About

Bath Stone is an oolitic limestone comprising granular fragments of calcium carbonate and was open cast quarried and first removed by tunneling underground at Combe Down and Bathampton Down and used in the construction of the city as we see it today. Revered for it’s pale colour, strength and ability to be finely carved relatively easily, whilst still retaining long term endurance when exposed to the elements.

In the early 18th century, Ralph Allen promoted the use of the stone in Bath itself, and demonstrated its potential by using it for his own mansion at Prior Park. Following a failed bid to supply stone to buildings in London, Allen wanted a building which would show off the properties of Bath Stone as a building material. He acquired the stone quarries at Combe Down, Odd Down and Bathampton Down.

Hitherto, the quarry masons had always hewn stone roughly providing blocks of varying size. The architect John Wood required stone blocks to be cut with crisp, clean edges for his distinctive classical fa├žades. Stone was extracted by the “room and pillar” method, by which chambers were mined, leaving pillars of stone to support the roof. Allen built a tramway from his mine on Combe Down which carried the stone down the hill, now known as Ralph Allen Drive, which runs beside Prior Park, to the river Avon near the centre of Bath.

John Wood was the architect responsible for most of the famous buildings in Bath and it was during this period that buildings such as The Royal Crescent were built. As yet efficient transportation of the stone had not yet begun so most of the stone quarried from the area was used locally although some was transported on the River Avon. After Ralph Allen’s death in 1764 the quarrying continued on the Downs but the stone was gradually being exhausted.. When the Kennet and Avon canal was built in 1810 the stone was moved further afield and other mines were opened up in the area.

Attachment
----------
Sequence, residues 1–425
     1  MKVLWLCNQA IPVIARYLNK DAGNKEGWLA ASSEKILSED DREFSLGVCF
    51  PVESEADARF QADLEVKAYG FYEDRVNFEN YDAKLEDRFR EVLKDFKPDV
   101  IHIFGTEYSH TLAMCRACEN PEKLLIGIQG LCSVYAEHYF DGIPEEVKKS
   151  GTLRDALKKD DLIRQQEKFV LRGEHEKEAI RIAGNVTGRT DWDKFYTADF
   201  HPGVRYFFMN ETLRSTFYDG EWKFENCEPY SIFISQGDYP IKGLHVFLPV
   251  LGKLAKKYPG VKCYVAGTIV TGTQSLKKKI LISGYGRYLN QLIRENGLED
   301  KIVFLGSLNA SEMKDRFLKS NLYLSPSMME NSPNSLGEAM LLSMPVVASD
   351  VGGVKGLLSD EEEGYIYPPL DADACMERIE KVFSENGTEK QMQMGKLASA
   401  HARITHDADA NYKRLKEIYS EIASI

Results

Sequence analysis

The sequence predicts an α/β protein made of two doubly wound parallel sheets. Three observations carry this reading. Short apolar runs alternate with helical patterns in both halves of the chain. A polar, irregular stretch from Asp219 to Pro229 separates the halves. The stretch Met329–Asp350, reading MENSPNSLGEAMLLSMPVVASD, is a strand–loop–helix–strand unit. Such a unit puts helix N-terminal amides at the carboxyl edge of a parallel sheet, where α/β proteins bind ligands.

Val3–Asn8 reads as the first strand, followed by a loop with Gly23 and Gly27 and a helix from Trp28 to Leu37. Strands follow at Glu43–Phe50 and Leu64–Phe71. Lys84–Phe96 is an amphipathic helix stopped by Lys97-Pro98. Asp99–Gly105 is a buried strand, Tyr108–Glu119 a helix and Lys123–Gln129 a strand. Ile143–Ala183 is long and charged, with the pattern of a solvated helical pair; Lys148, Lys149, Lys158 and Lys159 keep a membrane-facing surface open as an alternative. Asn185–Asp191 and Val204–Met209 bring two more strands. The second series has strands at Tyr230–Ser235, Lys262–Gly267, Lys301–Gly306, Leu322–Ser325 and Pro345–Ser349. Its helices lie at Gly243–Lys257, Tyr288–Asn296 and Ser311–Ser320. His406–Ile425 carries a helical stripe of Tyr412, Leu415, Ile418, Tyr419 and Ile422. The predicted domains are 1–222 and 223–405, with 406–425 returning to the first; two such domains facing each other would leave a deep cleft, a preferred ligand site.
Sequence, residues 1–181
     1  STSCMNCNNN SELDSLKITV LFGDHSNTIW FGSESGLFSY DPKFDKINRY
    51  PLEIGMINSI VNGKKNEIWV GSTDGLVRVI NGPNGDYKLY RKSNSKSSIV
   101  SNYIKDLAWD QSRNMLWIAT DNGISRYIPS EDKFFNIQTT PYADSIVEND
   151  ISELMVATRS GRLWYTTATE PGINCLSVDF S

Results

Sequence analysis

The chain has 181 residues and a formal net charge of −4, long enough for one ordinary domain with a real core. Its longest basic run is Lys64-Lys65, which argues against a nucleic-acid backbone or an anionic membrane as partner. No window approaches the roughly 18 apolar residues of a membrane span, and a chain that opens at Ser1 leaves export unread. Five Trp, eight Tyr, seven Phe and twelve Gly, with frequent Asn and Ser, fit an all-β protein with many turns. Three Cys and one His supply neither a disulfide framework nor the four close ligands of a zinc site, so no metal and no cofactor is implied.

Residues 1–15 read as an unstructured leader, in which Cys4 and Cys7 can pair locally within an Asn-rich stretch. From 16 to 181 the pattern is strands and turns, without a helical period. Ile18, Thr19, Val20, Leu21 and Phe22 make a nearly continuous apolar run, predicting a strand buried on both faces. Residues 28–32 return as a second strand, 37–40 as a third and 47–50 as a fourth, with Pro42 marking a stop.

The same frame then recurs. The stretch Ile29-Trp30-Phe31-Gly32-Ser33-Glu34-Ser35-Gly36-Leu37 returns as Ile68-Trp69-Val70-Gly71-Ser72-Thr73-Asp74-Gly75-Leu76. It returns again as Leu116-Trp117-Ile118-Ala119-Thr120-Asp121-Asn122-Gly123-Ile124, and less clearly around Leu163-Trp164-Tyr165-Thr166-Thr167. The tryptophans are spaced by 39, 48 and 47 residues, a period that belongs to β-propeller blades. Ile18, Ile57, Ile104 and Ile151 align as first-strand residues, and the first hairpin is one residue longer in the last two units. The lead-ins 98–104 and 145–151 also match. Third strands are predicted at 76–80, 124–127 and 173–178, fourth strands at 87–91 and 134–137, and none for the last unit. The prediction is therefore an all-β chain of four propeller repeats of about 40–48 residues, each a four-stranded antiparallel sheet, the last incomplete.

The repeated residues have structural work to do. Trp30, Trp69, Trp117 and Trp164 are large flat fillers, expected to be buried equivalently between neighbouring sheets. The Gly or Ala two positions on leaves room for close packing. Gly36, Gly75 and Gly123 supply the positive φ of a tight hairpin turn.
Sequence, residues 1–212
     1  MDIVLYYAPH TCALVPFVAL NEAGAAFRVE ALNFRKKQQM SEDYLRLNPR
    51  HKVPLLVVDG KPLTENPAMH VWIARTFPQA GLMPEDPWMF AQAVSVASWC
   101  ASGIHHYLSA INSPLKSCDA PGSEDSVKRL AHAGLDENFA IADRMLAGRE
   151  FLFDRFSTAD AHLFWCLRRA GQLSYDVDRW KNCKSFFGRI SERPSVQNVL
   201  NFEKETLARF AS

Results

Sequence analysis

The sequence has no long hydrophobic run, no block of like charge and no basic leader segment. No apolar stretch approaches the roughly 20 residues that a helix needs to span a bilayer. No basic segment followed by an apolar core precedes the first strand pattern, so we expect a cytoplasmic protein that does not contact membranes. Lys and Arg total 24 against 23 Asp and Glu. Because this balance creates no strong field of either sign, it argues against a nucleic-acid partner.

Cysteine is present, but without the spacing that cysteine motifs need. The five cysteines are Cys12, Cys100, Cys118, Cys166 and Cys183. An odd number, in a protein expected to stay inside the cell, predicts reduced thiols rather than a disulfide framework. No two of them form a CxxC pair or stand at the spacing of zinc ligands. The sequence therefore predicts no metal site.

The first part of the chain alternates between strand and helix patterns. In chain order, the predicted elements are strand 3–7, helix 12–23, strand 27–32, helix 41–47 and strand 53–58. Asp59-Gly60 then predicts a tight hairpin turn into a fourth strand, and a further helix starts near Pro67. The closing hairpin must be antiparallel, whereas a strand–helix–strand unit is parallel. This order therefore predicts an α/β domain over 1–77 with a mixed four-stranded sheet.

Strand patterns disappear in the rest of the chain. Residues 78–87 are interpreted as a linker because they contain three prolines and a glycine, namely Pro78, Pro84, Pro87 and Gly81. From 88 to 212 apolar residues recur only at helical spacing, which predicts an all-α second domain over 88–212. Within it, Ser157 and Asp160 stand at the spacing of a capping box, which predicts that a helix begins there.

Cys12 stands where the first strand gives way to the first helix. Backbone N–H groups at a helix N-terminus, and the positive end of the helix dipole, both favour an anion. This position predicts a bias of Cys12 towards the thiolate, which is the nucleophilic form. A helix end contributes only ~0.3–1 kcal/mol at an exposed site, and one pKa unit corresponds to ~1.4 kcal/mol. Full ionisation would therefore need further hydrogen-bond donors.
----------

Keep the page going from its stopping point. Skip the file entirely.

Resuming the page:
When Box Tunnel was dug in 1838-1841 further good quality stone was discovered in vast beds leading to more discoveries in the Corsham and surrounding areas which led to the bath stone ‘goldrush’ around 1900 when about 3,000,000 cubic feet per annum was being extracted underground.

No mine abandonment plans of either the tunnels or the caverns, known as voids were made, which led to a vast network of passageways left behind, often filled with waste stone offcuts known as ‘deads’ Inside the quarries the walls and pillars of the are studded with pick and tool marks, and show evidence of the use of huge stone saws, all of which bear testimony to the variety of techniques used to extract the stone over the mine’s three hundred-year history.

Following their closure and abandonment, the mines were latterly used for a variety of purposes, including a mushroom farm, and as air-raid shelters during the World War II Baedeker raids on Bath. During the 1930s there was a recognition of a need to provide secure storage for munitions in the south of the United Kingdom, and a large area of the quarries around the Corsham area was renovated by the Royal Engineers as one of three major underground munitions stockpiles in the area. This ammunition depot was serviced by a spur railway line from the main London to Bristol line, branching off just outside the eastern entrance to Box Tunnel to an underground station also build inside the old quarry. A further 2200 yard long tunnel was constucted from the main line railway to Monkton Farleigh so as to transport ammunition safely and out of sight from above.